Wellbeing programs have shown time and time again that they increase employee productivity, morale and attract and retain talent. Awareness at the CFO level is growing, with Deloitte finding 70 per cent of CFO’s view workplace wellbeing as a strategic priority, due to the growing evidence suggesting a multi-faceted employee wellbeing program is linked to business growth.
Increasingly employees are viewing wellness programs as an expectation in the workforce. Healthy organisations are viewed as ‘employers of choice’ and are proven to generate three times higher shareholder returns than those of unhealthy ones (Mckinesy), making the case for CFO’s to budget for and integrate wellness initiatives permanently into their organisation.
It’s not as simple as just adding in a few flu shots or gym memberships, CFO’s need to consider the three areas of employee wellness in order to realise the quantifiable benefits; physical, emotional and financial health and wellbeing
Physical Health & Wellbeing
While physical wellbeing may have started out with a focus on reducing workers’ compensation costs, often the encouragement and commitment to a physically healthy workforce has flow on effects to their emotional wellbeing as well.
The cost of absenteeism to the Australian economy now exceeds $32.5 billion per annum in payroll and lost productivity costs (Absence Management & Wellbeing Survey). Low physical activity has been linked to a reduction in the risk of some cancers, lower risk of heart attacks, better recovery from sickness and an increased level of energy and sleep.
Strategies to help your organisation boost its physical wellbeing program should focus on the areas of Nutrition, Physical Activity and Workplace Health; which aligns to new concept of employees as Industrial Athletes.
Emotional Health & Wellbeing
Stressful work environments, long work hours and low morale contribute to absenteeism, presenteeism and have a negative effect on our emotional wellbeing. It may surprise you to learn research found 73 per cent of Australians feel anxious at work, with 85 per cent believing their employer is obliged to address it.
Supporting your existing staff is much more cost-effective than replacing them when they leave. While many organisations offer their employees and family members free counselling in the form of Employee Assistance Programs (EAP), some go further with meditation, yoga or mindfulness and workshops on how to manage stress and emotions.
Create, promote and support a work environment where there is recognition of flexible work arrangements. Include policies that accommodate family commitments and appointments, urgent family issues and flexible work schedules.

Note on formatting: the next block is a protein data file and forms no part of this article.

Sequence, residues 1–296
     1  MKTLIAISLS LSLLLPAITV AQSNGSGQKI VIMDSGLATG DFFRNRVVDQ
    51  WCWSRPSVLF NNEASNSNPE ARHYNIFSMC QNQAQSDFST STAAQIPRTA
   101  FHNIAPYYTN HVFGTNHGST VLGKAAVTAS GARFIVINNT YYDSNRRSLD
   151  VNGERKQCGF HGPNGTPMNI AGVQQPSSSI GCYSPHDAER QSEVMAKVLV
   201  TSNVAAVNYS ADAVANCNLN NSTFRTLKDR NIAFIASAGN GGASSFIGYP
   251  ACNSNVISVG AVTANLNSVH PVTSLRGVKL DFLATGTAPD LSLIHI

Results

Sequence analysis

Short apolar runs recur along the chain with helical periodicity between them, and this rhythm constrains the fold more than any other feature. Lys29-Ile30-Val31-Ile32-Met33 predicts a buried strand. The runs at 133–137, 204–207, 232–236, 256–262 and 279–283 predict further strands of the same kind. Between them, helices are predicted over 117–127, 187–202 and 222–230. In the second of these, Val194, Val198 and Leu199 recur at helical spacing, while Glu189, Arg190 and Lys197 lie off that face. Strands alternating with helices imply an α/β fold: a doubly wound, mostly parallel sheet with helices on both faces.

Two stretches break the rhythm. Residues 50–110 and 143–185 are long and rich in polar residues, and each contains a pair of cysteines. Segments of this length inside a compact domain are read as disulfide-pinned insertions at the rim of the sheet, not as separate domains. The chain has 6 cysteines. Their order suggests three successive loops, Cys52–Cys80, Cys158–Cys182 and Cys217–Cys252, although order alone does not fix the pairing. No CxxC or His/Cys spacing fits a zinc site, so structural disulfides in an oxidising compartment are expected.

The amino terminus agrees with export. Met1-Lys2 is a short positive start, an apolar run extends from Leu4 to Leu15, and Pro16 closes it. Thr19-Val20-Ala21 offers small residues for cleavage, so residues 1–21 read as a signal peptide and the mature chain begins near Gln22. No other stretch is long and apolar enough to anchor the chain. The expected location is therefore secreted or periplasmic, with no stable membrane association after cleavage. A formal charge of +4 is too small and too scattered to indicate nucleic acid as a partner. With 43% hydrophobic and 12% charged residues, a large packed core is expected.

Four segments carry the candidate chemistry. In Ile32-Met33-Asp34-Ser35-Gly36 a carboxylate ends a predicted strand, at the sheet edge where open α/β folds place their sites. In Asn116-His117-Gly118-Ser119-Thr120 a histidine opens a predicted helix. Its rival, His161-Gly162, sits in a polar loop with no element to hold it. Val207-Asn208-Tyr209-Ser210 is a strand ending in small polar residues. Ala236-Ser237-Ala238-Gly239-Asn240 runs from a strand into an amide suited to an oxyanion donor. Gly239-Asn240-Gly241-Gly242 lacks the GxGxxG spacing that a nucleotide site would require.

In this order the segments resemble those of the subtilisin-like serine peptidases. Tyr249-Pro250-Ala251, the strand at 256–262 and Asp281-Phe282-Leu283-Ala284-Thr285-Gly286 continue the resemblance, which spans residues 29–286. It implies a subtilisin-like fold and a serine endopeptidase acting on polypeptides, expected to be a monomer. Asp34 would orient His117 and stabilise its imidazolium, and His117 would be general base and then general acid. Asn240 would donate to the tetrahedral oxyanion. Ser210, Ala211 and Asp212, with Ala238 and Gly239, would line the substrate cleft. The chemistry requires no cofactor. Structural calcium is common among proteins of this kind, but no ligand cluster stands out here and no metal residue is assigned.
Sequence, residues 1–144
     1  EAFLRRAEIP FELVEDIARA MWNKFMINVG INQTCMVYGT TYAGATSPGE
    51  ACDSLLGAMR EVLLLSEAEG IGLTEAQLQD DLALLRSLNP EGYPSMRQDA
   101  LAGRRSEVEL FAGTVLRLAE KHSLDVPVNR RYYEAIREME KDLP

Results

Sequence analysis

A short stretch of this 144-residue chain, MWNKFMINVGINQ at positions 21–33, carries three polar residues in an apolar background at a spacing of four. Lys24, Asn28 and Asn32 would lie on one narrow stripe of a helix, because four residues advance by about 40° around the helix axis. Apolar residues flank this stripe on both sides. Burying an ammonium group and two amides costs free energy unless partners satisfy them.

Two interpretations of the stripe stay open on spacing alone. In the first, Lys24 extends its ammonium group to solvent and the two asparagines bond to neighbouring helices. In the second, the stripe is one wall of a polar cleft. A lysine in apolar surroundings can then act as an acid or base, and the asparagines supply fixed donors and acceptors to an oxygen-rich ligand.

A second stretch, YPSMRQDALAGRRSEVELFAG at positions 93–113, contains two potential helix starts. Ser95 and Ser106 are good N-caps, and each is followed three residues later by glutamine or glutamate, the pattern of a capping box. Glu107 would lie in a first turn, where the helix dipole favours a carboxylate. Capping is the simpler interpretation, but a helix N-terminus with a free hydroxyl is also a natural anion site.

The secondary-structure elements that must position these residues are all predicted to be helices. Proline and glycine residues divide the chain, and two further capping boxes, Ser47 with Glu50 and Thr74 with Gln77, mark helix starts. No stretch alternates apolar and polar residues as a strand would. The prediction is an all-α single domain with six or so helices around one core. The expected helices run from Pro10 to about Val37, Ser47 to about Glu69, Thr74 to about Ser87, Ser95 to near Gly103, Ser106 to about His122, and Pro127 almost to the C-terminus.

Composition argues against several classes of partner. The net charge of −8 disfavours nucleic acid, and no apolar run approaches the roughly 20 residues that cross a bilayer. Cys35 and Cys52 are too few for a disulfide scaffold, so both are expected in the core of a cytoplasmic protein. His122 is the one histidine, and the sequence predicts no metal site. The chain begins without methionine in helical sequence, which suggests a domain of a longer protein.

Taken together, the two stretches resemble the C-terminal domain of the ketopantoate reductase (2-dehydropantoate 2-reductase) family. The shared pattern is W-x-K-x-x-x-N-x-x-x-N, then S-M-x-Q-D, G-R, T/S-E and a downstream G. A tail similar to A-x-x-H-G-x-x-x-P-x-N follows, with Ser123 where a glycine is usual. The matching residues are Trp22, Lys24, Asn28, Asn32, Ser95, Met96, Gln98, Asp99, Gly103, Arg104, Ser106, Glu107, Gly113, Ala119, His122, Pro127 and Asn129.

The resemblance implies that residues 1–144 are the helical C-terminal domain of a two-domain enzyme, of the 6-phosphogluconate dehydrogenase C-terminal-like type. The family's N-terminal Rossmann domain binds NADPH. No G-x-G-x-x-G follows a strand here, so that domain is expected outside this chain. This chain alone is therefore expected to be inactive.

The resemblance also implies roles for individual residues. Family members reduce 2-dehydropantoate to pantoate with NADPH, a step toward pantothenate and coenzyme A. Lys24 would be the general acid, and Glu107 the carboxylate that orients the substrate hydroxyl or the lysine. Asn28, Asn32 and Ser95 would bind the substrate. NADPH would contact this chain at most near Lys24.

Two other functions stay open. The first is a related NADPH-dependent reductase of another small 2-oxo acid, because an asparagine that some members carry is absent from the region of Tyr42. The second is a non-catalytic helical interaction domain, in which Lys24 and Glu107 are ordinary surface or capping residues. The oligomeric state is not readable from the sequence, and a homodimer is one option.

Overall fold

Financial Health & Wellbeing
CFO’s know the impact that bad finances can have on an organisation and the same goes with employees; it’s a crucial area of wellbeing that can be lost in the focus on mind and body
Research by BT shows that ‘1 in 3 Australians report their quality of life has been affected due to their financial situation. Australians are increasingly concerned about income stagnation, debt repayments and retirement adequacy’.
Companies can seek to support their employees navigate their financial wellbeing by allocating funding for visits onsite by financial planners and superannuation advisers.
How to Create a Workplace Wellness Program
There is no one size fits all approach to creating a workplace wellness program and is completely dependent upon your corporate culture and goals.
CFO’s have a critical role to play in creating a healthier workplace by setting the strategic focus and alignment to corporate goals. Ensure funding and recourses are available, along with management support and participation.
Considering who within your organisation should develop the program will depend on the size and scope of your workplace wellness program. The responsibility could sit with the Health & Wellness Coordinator, an established committee, Human Resources division or a combination of these.
Get started by using our Work Health Planning Guide which provides a simple step by step process to developing a workplace wellness program, or conduct research of what has worked well for other organisations.
Alternatively engaging with an external provider can be a more cost effective and faster way to develop your program with the added benefits of having access to a more diverse range of expertise and experience.